LATEST WATER NEWS
The East McKeesport, Pa., Water company is extending its mains.
Carrollton Water company, Miss., has been incorporated: capital, $27,000.
Woodhull, Ill., has carried an election in favor of building a water system by a large majority.
On Jan. 23 De Soto, Mo., will vote upon the question of authorizing a private company to build and operate a system of witerworks in that city. The citizens of that place lost out badly by not voting for a plant to be owned and operated by the municipality. The present plan will cost them a great deal more.
Water Commissioner Dougherty, finding that he needs a deputy for the boroughs of Brooklyn and Queens, New York, will request the authority of the board of aldermen to appoint one, as Corporation Counsel Rives has given an opinion to the effect that the office ceased to exist on January 1.
The present water situation in the borough of Queens. New York, is being considered by this city’s commissioner of water supply. A contract for the Far Rockaway section expired last summer and water has been supplied for fire purposes under temporary arrangements. The other contracts expire next summer.
W. M. Pitt, secretary and treasurer of the Pensacola, Fla., Water company, writes as follows to FIRE AND WATER. “Please publish the following in your ‘waterworks’ items: The Pensacola Water company, wants bids on a standpipe and storage tank. For further information address, W. M. Pitt, secretary and treasurer, Pensacola, Fla.”
A special commission at Chicago reports the feasibility of turning the Upper Merannec river water into the St. Louis reservoirs at a point ninety-six miles from the city. The intake at the Chain of Rocks, whence St. Louis obtains its entire supply, would then be abandoned. The plan proposed would cost from $15,000,000 to $20,000,000, and the undertaking would be rivaled only by the Croton system in New York.
Mayor Ralston Vollmer of Genesee, Idaho, writes as follows to FIRE AND WATER: “We respectfully call your attention to the information set forth on the back of this sheet [showing what a go-ahead and flourishing city Genesee is]. Should you know of any firm, persons, or corporation looking for investment in the line of establishing a waterworks or an electric light system, or both, we should be pleased to have correspondence for same.”
At Haverhill, Mass., a test well is to be driven for the proposed waterworks. Supt. Duff has decided on the Long hill site, where abundant pressure is assured, as the spot is higher than the spire on the First church, and. with a sixty-foot standpipe above the well, there will be a drop into the square of about 200 feet. After the well is driven a sample of the water found will be sent to the State board of health for anajysis, and if this proves the water to be pure, the matter will be laid before the citizens of the town in a special town meeting called for that purpose.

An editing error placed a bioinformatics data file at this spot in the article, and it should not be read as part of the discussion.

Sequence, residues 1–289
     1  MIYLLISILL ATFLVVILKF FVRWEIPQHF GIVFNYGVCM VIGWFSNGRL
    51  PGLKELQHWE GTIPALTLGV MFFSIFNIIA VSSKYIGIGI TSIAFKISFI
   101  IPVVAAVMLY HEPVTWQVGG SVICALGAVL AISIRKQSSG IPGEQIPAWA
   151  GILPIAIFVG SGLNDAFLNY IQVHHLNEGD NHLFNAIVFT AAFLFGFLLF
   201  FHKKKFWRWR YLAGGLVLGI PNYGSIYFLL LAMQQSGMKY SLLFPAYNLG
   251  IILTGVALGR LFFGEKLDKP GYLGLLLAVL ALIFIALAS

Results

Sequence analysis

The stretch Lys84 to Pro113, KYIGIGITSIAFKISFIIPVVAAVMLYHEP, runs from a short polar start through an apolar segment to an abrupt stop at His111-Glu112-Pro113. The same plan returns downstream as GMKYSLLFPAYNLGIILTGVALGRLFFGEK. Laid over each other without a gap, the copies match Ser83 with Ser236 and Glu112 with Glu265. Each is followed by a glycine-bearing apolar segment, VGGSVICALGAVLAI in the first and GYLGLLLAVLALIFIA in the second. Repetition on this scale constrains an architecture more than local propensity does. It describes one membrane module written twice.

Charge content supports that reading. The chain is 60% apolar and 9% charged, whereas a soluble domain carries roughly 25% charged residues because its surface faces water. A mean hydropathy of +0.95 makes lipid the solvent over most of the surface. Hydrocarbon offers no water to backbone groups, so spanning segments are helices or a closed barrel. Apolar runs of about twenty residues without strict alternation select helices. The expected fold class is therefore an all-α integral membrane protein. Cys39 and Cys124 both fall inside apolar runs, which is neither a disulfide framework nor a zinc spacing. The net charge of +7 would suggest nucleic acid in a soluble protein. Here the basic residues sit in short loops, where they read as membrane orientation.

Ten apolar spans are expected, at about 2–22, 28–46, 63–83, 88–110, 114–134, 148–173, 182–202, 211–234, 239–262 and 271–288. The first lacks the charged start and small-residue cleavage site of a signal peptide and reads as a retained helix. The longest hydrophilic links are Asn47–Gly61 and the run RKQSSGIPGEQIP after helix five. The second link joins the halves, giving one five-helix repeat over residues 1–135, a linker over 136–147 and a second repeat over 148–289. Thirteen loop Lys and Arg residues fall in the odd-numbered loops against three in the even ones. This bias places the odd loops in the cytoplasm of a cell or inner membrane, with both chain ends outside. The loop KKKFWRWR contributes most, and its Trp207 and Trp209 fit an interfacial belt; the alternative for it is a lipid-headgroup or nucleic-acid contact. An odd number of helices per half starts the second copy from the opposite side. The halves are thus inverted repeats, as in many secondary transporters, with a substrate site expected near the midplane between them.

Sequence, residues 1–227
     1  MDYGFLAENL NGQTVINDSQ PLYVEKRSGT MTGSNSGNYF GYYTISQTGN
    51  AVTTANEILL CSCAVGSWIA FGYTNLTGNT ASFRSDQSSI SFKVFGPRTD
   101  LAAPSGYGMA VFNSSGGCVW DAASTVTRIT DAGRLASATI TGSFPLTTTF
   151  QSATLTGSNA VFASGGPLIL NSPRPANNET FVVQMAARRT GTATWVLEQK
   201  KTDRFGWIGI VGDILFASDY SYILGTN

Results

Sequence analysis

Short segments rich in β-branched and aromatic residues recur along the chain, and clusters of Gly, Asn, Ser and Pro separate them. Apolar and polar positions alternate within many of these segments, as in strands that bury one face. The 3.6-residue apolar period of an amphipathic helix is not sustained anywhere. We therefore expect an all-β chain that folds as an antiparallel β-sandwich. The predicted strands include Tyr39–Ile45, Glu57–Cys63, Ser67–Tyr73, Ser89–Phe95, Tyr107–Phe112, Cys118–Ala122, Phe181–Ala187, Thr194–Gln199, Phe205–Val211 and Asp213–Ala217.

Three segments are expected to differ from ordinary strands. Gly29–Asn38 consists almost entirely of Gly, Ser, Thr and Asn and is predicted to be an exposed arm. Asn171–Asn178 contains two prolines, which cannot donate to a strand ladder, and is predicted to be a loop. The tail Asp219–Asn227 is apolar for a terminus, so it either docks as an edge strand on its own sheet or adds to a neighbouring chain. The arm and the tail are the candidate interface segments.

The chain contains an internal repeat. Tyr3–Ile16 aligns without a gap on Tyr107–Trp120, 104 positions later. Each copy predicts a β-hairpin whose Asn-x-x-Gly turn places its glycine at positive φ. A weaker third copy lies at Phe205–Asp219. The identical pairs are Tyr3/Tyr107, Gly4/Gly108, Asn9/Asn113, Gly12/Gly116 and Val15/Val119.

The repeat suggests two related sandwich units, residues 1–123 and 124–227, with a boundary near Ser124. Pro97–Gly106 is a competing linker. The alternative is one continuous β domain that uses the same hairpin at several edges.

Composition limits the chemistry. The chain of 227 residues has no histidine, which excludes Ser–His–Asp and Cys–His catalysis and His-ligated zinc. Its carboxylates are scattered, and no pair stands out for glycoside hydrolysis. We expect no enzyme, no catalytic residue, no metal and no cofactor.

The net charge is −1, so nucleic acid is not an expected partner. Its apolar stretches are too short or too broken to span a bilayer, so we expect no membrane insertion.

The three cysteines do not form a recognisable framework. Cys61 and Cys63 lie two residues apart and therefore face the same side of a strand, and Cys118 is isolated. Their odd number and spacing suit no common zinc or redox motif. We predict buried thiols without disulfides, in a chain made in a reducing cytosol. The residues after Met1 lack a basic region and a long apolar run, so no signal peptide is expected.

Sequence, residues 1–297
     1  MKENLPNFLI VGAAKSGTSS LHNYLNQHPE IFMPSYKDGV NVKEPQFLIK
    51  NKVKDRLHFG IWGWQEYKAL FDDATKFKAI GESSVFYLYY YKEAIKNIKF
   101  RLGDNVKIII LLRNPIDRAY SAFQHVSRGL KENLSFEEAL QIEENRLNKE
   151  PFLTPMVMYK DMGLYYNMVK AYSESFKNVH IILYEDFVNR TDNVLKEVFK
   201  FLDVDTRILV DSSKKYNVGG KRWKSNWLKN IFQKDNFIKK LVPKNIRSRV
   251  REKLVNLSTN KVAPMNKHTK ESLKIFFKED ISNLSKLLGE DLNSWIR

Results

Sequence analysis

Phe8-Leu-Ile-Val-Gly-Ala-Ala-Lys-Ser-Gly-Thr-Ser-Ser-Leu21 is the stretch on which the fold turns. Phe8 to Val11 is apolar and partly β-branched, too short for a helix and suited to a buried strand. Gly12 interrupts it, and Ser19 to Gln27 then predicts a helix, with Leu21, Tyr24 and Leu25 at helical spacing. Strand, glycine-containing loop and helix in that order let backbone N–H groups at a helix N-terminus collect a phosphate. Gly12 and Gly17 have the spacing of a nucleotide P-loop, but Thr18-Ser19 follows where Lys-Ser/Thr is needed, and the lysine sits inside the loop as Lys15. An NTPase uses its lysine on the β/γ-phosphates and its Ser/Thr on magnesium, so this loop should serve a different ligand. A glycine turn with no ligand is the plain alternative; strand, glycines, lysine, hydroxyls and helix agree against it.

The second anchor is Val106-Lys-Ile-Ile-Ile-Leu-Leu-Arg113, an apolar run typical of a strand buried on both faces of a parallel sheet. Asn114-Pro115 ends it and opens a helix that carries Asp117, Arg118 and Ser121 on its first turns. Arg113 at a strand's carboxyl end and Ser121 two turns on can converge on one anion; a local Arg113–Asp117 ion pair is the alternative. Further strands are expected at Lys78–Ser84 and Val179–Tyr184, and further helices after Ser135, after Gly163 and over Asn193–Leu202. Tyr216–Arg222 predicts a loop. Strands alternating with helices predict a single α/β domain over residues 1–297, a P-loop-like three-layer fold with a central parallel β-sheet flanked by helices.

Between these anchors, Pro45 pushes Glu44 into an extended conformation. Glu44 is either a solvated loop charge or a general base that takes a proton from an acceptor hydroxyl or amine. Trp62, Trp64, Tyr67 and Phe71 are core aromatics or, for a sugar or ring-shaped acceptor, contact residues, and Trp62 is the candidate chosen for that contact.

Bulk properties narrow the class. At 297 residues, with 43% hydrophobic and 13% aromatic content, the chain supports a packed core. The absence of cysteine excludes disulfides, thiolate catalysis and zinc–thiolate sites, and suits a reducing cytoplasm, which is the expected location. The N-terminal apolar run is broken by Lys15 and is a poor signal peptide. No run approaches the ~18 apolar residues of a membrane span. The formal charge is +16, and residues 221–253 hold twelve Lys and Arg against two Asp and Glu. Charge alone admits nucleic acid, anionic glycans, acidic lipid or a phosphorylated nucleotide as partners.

Springfield. Ohio, will nay Daniel A. Watkins_ $4,000 for his land along the Blue creek, amounting to three acres. The new conduit will be laid on it hetu’een the pumping station to the springs whence the additional water supply is to be taken. An extension of main in Wayne avenue will add 550 feet to the city mains and one fireplug to the system. Of the pipe laid 325 feet will be six-inch; the rest, three-inch.
The great dam of the Merced. Cal., Mining comnany is now finished, and the water has been let into it. It was built to impound the water of the Merced river and generate electricity for running mines on the Mariposa grant, as well as to light the streets of Mariposa and Mount Bullion. The dam is 452 feet long, of 302 feet between abutments, contains 700.000 feet of lumber, and cost $35,000. Though only fifty-three feet high and thirty-two feet above water level, it impounds water for two and one-eighth miles below the grade of the can-
Thirty-four years ago cisterns for fire protection were built at many different points of street intersection in order to supply the steamers. When anv one of these was emptied it required the united efforts of the department for about two days to refill it from the river, as each held something ’Hke 1.000 barrels. Since the city waterworks system was installed they have been abandoned and nearly forgotten. One of. them, however, the other day thrust itself obtrusively into notice-when a heavily laden furniture van broke through the pavement and sunk down to the hubs into a pit. The old cistern was twenty-two feet in diameter by thirty-four feet deep. Omaha. Neb., is now abreast of the. times.